Sacrifice or slaughter?

Never had I seen heads being chopped off their bodies than recently. My soul was shaken; my breath was taken; my heart was frozen; my faith was broken–as I witnessed the murder of innocent animals in a North Eastern temple recently.

Recently I happened to go to the Kamakhya temple, a well-known Hindu shrine located on the outskirts of Guwahati. It was a fortnight-long trip to the Assamese capital. It was purely a business travel. However, I had times to roam around popular attractions. The Brahmaputra river is the key vantage point for visitors and tourists in the growing capital city. Besides, the Kamakhya temple calls on thousands of Hindu pilgrims from all parts of the country. Yes, you heard it right: thousands. The temple is an important one for Hindus, basically for those whose faith is well entrenched in Tantrik practices.

Everybody in my circle, friends or otherwise, had advised me to pay a visit to the temple since I was coming to the city. During the fourteen days–the time I spent in the North-Eastern city, I paid as many as three visits to the renowned temple. Surprising it may sound, yet true, since on Sundays I’d barely anything to do. In addition, the location of the temple was the most fascinating factor to attract me no less than three times. And I felt that this was the easiest way out, apart from different interesting things in the city.

The first two visits were incomplete and brief. The length of the rows which devotees had formed perhaps was the reason to drive me off. However, I managed to see the temple through a special gate–No. 2– that shows a distant view of the goddess adorned with myriad things.

Indeed, it is a beautiful temple with a rock-erected dome, a vagina-shaped narrow round base which leads to a water spring underneath through a downward passage, a dark passage though. A number of rock-cut figures–installed around on the outer facade–indulge in a direct conversation with us about the antiquity which the temple boasts of. Juxtaposed with the modern architecture, the old temple structure strikes a fine balance between art and faith.

On my first two visits, I barely had a chance to interact with the locals. However, I saw a number of red-gowned priests, pilgrims and stray goats teeming the temple court and thought they were its natural inhabitants. The stray goats frisked around the main temple, reminding me instantly of the Baba Balaknath temple in Himachal’s Hamirpur district where goats are supposed to tell fortune through their symbolic nods. Was this the reason to keep them at the Kamakhya temple? I guess not.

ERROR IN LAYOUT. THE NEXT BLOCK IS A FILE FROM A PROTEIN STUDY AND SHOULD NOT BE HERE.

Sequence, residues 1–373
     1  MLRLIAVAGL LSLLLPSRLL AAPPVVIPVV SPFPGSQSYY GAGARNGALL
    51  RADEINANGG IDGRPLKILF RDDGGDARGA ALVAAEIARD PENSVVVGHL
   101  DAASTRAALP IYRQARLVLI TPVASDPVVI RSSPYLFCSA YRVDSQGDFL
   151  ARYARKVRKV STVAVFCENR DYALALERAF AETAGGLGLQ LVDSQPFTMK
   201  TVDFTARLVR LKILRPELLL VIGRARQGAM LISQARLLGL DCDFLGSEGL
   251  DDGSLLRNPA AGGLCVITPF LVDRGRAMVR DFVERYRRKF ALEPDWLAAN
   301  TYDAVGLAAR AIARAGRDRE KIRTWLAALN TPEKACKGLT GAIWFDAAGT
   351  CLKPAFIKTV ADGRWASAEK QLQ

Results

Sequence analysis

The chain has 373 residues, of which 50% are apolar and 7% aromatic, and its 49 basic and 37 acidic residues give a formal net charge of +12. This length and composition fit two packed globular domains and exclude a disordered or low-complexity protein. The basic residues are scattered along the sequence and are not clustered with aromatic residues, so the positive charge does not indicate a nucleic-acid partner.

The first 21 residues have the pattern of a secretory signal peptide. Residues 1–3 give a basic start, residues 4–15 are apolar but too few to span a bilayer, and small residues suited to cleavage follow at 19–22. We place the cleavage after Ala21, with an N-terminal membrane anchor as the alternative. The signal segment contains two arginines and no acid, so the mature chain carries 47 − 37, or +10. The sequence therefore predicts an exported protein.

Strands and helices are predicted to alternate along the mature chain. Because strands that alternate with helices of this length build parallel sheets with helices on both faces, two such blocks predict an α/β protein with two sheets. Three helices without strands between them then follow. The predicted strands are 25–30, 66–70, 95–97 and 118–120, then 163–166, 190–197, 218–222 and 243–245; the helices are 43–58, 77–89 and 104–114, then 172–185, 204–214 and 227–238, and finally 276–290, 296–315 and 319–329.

The true secret of their presence surfaced during the final visit to the temple. It was a visit during which I noticed a specially-constructed shed, half-walled, in front of the main temple. Around this shed a beeline of devotees wait for hours for their turn to enter the interiors to bow down at the holy spring and do darshan. But it takes hours to move a few meters for a line. I was one of them on the third visit caught in the line guarded by iron nets on both sides. The nets barred devotees from mixing with people in the other line. The long hours in the line mean that I had plenty of time to explore the truth behind the shed.

At around 8 am in the morning, I saw a red-dressed man, possibly a priest, lugging a long chopper into the shed. He dipped the chopper into the cemented water tank, built right at the curved door of the shed, and then washed its sharp edge clean. It was a massive weapon, with a  long hilt. Somebody after me in the line whispered “time for bali‘. I was flabbergasted. He meant that it was time for sacrifice. The cold chill ran through my spine. Who will be sacrificed?, I thought.

The whisper soon turned out to be a reality. Very soon I saw the priest and his associates hacking goats after goats. Their purring voices diluted in the air in one shot. The priest’s dexterous hands beheaded goats in just one shot. It is a must to separate the head in one go. Later a priest told me that the heads, chopped off in one shot, can only be offered to the goddess. This was the first time I saw animal sacrifices taking place in a temple, though I am aware of the sacrifices at the Goddess Kali temple in Kolkatta.

In 4 hours there were around 20 goats and two buffaloes sacrificed. Certainly I had not the courage to witness all this. I kept on listening to their dying voices with every thud on their neck behind the wall. I was unnerved as the people who popped up their heads to see over the wall kept on explaining to what was going on in the slaughterhouse.  I was numb and mind-frozen. Indeed, I don’t have words to explain the experience. At one point I thought that if it were us, we could die the same way.  Later my numbness multiplied when I saw all the goat and buffalo heads offered to the goddess. I’m speechless. It got on my nerves.

Is the beheading of speechless animals sacrifice?

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